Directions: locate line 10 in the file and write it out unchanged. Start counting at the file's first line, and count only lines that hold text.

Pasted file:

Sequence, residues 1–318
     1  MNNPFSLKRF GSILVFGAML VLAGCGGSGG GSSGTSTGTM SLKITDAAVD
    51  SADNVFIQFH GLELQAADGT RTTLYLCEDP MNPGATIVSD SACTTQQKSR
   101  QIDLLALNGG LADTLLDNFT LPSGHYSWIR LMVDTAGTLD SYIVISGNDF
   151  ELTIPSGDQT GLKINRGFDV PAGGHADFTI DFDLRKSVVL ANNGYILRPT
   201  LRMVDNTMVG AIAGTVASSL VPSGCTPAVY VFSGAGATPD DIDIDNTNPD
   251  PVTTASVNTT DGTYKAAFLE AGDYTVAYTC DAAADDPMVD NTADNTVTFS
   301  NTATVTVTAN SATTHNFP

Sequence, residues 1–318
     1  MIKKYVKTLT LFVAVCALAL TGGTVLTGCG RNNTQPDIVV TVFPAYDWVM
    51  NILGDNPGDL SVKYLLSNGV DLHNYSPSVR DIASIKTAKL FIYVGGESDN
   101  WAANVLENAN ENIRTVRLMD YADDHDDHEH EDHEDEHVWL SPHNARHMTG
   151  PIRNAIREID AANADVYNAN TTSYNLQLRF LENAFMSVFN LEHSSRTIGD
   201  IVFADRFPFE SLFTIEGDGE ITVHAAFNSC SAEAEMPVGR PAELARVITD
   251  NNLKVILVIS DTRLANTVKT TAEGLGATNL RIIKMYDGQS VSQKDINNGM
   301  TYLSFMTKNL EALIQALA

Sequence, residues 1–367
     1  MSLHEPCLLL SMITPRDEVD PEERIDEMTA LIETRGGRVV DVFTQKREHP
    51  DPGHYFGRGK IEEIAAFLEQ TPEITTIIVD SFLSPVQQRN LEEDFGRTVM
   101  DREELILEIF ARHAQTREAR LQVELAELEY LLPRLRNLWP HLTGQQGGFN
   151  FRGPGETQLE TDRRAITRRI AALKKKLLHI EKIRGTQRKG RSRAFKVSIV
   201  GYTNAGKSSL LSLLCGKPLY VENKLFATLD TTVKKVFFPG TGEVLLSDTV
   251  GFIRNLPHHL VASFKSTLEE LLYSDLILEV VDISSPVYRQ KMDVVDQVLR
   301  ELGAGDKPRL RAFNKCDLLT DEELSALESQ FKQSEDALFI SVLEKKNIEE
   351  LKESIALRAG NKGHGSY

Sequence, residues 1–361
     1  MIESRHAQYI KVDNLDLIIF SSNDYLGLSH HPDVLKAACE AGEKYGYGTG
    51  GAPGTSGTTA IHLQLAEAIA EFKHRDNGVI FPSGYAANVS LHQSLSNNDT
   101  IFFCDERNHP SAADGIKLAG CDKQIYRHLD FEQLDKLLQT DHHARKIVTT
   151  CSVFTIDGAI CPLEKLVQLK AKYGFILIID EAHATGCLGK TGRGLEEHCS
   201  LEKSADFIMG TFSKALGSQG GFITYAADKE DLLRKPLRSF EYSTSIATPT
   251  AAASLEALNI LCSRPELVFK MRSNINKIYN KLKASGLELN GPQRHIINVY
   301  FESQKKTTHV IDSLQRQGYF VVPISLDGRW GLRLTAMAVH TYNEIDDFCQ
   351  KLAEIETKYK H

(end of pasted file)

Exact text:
     1  MIKKYVKTLT LFVAVCALAL TGGTVLTGCG RNNTQPDIVV TVFPAYDWVM